If you’re new to adopting cats, you probably have a bunch of questions that you might think sound a little bit silly, but you still really want to ask. A common question along these lines is this: do cats require regular dental care? Or are they self-sufficient enough for me to let them take care of it, themselves?
February is Pet Dental Health Month, so it’s a great time to learn about taking care of your cat’s teeth and mouth. Dental problems are some of the most common issues vets see in their patients.
So does your cat really need dental care? Let’s dig into the answer.
What Sort Of Dental Issues Could My Cat Suffer From?
On some levels, cats are remarkably self-sufficient animals. They take care of much of their own cleaning and grooming and will even tidy up after themselves in the litter box.
However, this doesn’t mean that plaque and bacteria can’t build up around their teeth.
The list of oral ailments that your cat could experience includes gingivitis (which can lead to gum disease), abscesses in the roots, excessive tartar build up, and even loss of teeth.
In severe cases, your cat might also become susceptible to something called odontoclastic resorptive lesions, which are sometimes referred to as neck lesions, cervical line lesions, or feline caries. These painful lesions appear as erosions of the tooth enamel at the gum line and often require tooth extraction as a solution.
Can Dry Food Prevent Dental Issues?
Dry food cannot totally prevent dental issues. While it’s often said that kibble and dry food helps keep a cat’s teeth clean, they might still need a little extra help.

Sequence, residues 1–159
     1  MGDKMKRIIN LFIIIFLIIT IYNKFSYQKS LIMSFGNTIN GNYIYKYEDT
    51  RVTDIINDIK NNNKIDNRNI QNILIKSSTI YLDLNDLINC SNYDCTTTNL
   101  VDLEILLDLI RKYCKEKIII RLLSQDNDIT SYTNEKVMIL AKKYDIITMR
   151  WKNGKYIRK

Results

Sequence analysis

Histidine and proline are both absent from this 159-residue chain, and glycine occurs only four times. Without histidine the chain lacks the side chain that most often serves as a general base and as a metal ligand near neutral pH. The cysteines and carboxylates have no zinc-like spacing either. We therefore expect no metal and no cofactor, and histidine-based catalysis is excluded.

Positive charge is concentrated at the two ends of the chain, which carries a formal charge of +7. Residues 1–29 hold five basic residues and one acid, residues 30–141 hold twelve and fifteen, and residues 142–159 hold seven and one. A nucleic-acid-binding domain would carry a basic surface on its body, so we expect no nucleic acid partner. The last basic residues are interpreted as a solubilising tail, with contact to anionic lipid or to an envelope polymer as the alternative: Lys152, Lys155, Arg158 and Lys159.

One simple step you can take is to switch your feline’s regular treats out for dental treats, such as Feline Greenies dental treats.
Ask your veterinarian which kinds of foods and treats are good for your cat’s oral health. They will be able to provide you with solutions that meet your cat’s individual needs.
Should I Brush My Cat’s Teeth?
If you think that your cat could do with some assistance when it comes to their oral cleaning regimen, then by all means ask your vet to recommend a safe, at-home dental routine.
Regular brushing of a cat’s teeth can help remove plaque.
You may want to try this cat toothbrush and toothpaste to care for your cat’s teeth at home.
You should start regular brushing when your cat is young if possible. This will help your cat become more comfortable as you continue brushing their teeth into adulthood.
What About Regular Vet Cleanings?
When your cat has their next wellness visit, ask your vet to check for any signs of periodontal disease. After this oral examination, your vet might suggest that your cat undergoes a professional teeth cleaning. This will take place under general anesthesia.
Professional examinations and cleanings are the best way to keep your cat’s teeth in good shape. Do not skip the annual or semi-annual vet visit. Your vet can catch the signs of gum disease early and prescribe treatment or preventative care.
What sort of dental hygiene do you practice with your cat? Let us know the details in the comments below!
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